Cost of living and commuter trends


As Britons feel the pressure of inflation, with rising costs impacting every part of our lives, employees are making difficult choices in a bid to save cash. Much like the scale of commuting behaviour change associated with COVID-19, decisions made now have the power to shape commuting habits long into the future.

Commuter Census 2022© explored the commuting habits of nearly 11,000 people. The cost of living was a prevalent topic, garnering more than 900 free text responses. These sentiments conveyed both worry and frustration in regard to the affordability of public and private transport.

61% of commuters declared they were ‘very concerned’ about rising fuel costs. These worries appear to be creating an appetite for change, with 81% open to considering an alternative to their current mode. How these concerns manifest to unsettle the status-quo is yet to be seen, but this Commuter Census data suggests rising prices are already challenging default commuting behaviours, creating fertile ground for embedding sustainable mobility within our society.

Forward-looking employers should embrace this period of flux to implement sustainable commuting initiatives. Let’s explore the opportunities and barriers to decarbonisation in response to the cost-of-living crisis.

A return to the office

According to ONS, home working in the UK more than doubled from 4.7 million to 9.9 million people between October to December 2019 and January to March 2022. There’s no denying that hybrid and remote working has afforded employees unprecedented levels of workplace flexibility. However, some believe rising energy bills herald the demise of the working from home era.

The energy price cap is poised to increase to £3,549 this year, and some employees will undoubtedly consider returning to the office in a bid to reduce energy and heating bills. For many employees, simply being out of the house means you no longer have to heat it.

The Commuter Census found that cost and convenience remain the main drivers of commuter behaviours, and the deciding factor for many will be whether it’s cheaper to commute to the office or work remotely and heat their homes. This is dependent on a number of factors including the mode and distance of the commute, the age and size of the house, and if anyone else is home during the day. Employers looking to compare commute vs remote working emissions will have to capture all this data.

The four-day working week has also been suggested as a means to ease the mounting financial burden on employees. Future-of-work think tank Autonomy examined how a four-day working week with no loss of pay could reduce childcare and commuting costs. It found that an employee with a child under two years old would save £1,440 in childcare and £340 in commuting costs on average in a year.

Having been met with both support and scepticism in the press, it’s unlikely there will be a mass move to the four-day working week in the near future – especially as so many organisations are still firming up their post-pandemic hybrid work policies.

Worryingly, analysis has shown that hybrid working can offer the worst of both worlds, with emissions generated from heating single occupancy homes as well as offices greater than CO2e generated from the commute alone. It’s important to bear these environmental considerations in mind when developing net zero policies and practices. Survey data also suggests the importance of taking how employees feel about the commute into account before making permanent policy changes.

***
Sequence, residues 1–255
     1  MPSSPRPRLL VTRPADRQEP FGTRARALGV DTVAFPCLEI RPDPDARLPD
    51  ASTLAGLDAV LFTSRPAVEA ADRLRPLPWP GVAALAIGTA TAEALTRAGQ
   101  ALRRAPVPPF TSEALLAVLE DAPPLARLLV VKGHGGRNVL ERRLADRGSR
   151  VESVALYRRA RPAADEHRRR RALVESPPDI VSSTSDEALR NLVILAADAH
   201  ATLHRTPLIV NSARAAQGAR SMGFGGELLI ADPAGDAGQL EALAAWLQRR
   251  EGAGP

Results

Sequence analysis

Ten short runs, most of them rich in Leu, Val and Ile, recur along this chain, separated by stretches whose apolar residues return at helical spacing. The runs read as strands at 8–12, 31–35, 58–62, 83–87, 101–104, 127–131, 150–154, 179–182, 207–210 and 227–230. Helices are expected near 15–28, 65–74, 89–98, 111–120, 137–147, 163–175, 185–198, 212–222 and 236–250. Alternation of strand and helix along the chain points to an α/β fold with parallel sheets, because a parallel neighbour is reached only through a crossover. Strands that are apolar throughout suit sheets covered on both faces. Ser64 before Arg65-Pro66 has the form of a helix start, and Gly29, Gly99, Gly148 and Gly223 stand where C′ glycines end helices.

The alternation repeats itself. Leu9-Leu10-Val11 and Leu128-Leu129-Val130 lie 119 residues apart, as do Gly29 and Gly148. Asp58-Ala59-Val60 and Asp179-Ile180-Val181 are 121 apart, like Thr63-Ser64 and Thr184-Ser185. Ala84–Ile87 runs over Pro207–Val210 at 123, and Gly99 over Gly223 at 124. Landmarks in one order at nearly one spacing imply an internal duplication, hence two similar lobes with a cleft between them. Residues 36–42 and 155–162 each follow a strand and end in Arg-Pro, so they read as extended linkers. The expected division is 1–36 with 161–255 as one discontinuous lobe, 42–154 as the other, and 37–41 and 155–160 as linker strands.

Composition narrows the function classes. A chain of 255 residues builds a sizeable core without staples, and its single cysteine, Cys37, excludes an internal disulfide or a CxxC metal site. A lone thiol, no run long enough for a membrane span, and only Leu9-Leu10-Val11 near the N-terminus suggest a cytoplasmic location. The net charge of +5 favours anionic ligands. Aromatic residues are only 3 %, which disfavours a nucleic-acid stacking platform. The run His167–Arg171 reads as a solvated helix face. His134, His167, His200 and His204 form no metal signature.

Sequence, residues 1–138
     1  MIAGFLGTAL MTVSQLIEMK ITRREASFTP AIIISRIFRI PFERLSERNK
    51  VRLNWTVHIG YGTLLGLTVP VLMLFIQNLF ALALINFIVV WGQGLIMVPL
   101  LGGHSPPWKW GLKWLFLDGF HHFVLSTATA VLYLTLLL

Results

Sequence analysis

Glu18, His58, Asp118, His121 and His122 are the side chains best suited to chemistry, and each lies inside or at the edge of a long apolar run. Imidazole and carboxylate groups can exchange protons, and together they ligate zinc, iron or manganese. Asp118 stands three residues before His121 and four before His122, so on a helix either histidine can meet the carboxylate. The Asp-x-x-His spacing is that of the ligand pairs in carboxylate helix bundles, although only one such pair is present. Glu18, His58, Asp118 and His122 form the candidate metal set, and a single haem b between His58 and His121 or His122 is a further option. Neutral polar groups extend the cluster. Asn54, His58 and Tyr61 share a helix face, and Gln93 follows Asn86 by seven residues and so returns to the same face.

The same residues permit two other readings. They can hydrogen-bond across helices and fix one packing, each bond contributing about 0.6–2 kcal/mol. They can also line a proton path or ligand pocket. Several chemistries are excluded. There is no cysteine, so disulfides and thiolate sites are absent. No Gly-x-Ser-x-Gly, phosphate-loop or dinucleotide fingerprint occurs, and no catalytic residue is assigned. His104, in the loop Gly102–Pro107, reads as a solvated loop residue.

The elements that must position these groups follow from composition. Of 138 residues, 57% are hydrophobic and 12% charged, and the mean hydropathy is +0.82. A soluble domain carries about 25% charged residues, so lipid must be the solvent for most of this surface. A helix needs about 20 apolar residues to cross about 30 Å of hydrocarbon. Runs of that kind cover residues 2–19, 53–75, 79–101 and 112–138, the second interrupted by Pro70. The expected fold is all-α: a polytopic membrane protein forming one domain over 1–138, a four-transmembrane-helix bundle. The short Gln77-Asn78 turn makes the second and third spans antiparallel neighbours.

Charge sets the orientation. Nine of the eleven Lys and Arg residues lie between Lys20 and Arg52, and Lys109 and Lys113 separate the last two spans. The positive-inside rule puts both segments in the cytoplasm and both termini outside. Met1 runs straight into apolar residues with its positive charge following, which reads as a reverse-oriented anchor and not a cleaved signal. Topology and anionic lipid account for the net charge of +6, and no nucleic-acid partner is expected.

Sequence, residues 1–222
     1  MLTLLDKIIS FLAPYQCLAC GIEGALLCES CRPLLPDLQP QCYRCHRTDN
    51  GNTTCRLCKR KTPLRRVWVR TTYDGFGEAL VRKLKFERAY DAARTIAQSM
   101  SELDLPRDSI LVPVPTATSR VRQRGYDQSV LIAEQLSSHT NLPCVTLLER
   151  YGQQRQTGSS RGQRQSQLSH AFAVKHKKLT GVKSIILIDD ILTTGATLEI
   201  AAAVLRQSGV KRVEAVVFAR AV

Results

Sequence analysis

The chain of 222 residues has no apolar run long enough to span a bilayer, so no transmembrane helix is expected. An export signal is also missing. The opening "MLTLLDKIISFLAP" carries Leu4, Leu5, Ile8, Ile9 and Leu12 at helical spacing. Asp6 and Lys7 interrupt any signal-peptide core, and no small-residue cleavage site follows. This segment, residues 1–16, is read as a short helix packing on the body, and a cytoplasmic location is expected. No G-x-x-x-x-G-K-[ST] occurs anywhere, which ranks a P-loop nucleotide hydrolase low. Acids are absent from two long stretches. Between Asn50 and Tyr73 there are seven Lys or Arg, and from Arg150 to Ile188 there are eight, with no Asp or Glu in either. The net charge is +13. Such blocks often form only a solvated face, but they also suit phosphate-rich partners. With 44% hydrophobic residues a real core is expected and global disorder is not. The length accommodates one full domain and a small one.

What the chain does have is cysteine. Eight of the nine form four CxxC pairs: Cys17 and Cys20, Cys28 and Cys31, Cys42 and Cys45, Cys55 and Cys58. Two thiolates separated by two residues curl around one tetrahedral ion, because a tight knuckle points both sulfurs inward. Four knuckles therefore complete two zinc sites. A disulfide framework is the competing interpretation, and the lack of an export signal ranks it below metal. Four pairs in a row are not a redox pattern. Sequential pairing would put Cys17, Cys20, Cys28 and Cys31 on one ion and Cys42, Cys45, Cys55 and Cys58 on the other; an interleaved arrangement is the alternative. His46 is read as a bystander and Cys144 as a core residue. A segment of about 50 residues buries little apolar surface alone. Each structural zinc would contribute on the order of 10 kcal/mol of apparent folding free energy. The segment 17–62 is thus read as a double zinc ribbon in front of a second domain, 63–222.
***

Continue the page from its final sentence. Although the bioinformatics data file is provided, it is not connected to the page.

When asked how many days they would like to commute in the future, only 7% of respondents wanted to commute five days a week, despite a quarter of them already doing so. The commute – or lack of it – is one reason why nearly a quarter of those asked wanted to work fully remotely all the time.

For those favouring a hybrid approach, the regularity of the commute also had a bearing on costs and commuter sentiment. The Commuter Census shows that five-days-a-week commuters have a journey that is on average a third shorter than those commuting just one day a week. Yet even with that shorter distance the average five-day car commute equates to £1,610 a year in fuel alone.

This cost, when considered in conjunction with insurance, road tax and maintenance costs, becomes increasingly untenable for many commuters. Forbes recently reported that one in five motorists are giving up their cars.

A move away from single occupancy vehicle commutes

Research from car servicing and repair company, Kwik Fit, revealed that over a third of drivers have cut down on ‘non-essential’ car journeys. This will be music to the ears of the Department for Transport who declared ‘walking and cycling should be the natural first choice for short journeys’ in 2021’s Decarbonisation Plan.

Sarah Mitchell, Cycling UK’s chief executive, believes that where possible, a move to active travel is the answer to rising fuel costs:

People should be considering cycling as a cost-effective way to commute shorter journeys. The upfront investment, even with eBikes, soon pays for itself when you consider how much you are saving at the petrol pump.

Of course, walking and cycling isn’t always a viable option. Using the average commute distance of 19.5 miles for a single occupancy car journey, the average current UK fuel price of £1.75 per litre, and the average car consumption of 40 miles-per-gallon, this equates to a round trip cost of £7.80 per day.